P.S. for my introduction to the topic of medieval priests’ and witch-hunters’ obsession with sex among witches, demons, and the Devil, see Part 1 of this two part series: Infernal Seductions.
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It is important to distinguish between Christian witch hunters accusing people of the “crime” of witchcraft, versus the accused people actually practicing anything that could be recognized as witchcraft.
According to historians, even aside from supernatural claims, it’s unlikely that many of the estimated 50,000-100,000 people killed in the medieval witch hunts actually practiced anything resembling organized witchcraft rituals; the accused were mostly Christians, and did not think of themselves as witches. The character of the medieval witch, casting malevolent spells and cavorting with the Devil, is entirely an invention and projection of paranoid Christian fantasy.
Witchcraft as known today by neo-pagans and wiccans was largely developed in the twentieth century. These are worthy traditions—I identify with them loosely, as an “atheist witch/pagan,” a term I won’t try to explain here—but they do not trace any direct lineage to supposed actual, practicing “witches” in medieval Europe.
[T]he great majority of people who were killed for witchcraft did not think they were witches. In the majority of cases, if they confessed that they were witches, it was usually because they had been tortured repeatedly and at length in order to obtain a confession, as was the case in the Salem witch trials, for example. These were people who faced horrifying punishment for absolutely no reason, then were killed.
Here’s how GPT-4 summarizes the topic. Not bad!
The accusation of "witchcraft" in medieval and early modern Europe was a complex issue that evolved over time and varied across different regions. The understanding of what constituted "witchcraft" during these periods was quite different from modern neo-pagan or Wiccan practices, or even from older pagan rituals.
Here are some key points to consider:
Evolution of the Witch Stereotype: During the early medieval period, belief in malevolent magic or witchcraft was common, but the idea of organized witch cults worshipping the devil emerged more fully in the later medieval period. By the time of the early modern witch hunts (15th to 17th centuries), this stereotype of the devil-worshipping witch became more widely accepted in certain regions.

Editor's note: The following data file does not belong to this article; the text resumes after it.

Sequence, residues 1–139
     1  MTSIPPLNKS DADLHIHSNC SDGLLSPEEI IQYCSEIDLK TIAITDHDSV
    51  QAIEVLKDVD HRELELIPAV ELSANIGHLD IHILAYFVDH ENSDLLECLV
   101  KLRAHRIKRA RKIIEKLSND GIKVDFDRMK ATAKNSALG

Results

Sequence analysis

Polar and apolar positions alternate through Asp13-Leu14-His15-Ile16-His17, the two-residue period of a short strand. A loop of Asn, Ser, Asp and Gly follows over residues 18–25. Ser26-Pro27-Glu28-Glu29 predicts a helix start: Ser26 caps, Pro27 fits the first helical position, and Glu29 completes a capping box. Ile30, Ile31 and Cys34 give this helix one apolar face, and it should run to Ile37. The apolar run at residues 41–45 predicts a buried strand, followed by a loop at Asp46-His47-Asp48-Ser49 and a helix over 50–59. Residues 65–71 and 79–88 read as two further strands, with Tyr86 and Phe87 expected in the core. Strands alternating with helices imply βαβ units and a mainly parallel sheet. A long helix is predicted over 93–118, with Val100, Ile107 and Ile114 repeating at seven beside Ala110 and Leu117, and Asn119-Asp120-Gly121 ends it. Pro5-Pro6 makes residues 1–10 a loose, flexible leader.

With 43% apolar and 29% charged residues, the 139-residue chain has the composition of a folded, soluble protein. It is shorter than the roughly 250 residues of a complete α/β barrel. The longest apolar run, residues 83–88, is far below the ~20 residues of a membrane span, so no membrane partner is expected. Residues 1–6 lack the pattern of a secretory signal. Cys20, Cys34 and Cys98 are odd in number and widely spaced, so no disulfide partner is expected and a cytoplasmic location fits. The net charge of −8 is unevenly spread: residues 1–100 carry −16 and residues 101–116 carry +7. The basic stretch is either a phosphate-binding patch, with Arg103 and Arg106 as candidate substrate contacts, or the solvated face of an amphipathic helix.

Varied Beliefs and Practices: Some of those accused might have been involved in local folk practices, herbal medicine, or other activities that were misinterpreted as malicious by their accusers. Some of these folk practices might have had pre-Christian origins, but that does not mean they were practicing a cohesive, organized form of pagan witchcraft.
Accusations and Motivations: Many accusations of witchcraft were driven by personal vendettas, social or political reasons, or mass hysteria. People might be accused of witchcraft because they were outsiders, because they had disputes with neighbors, or because they behaved in ways that did not conform to societal norms.
Christian Context: The majority of medieval Europeans were Christian, and many of those accused of witchcraft were also Christian. The idea of devil-worship and making pacts with the devil was a Christian concept. [emphasis added]
Pagan Religions: While many ancient pagan practices and beliefs were absorbed into Christian traditions or persisted in modified forms, there's little evidence to suggest that those accused of witchcraft in the later medieval or early modern periods were practicing an organized form of ancient pagan religion. Most of the records we have of these practices come from Christian writers, who might not have had a clear or unbiased understanding of pagan beliefs.
Modern Neopaganism and Wicca: Modern Wicca and other neo-pagan movements, which might be referred to as "witchcraft" in a contemporary pagan sense, are largely 20th-century developments. They draw inspiration from a variety of sources, including ancient pagan traditions, but they are not direct continuations of medieval witchcraft practices.
In summary, while some individuals accused of witchcraft in medieval times might have been involved in local folk practices or healing traditions, it's unlikely that they were practicing "witchcraft" in the sense of a cohesive, pagan religion. The image of the witch as a devil-worshipping, malevolent figure was largely a construction of the late medieval and early modern periods, influenced by religious, social, and political factors.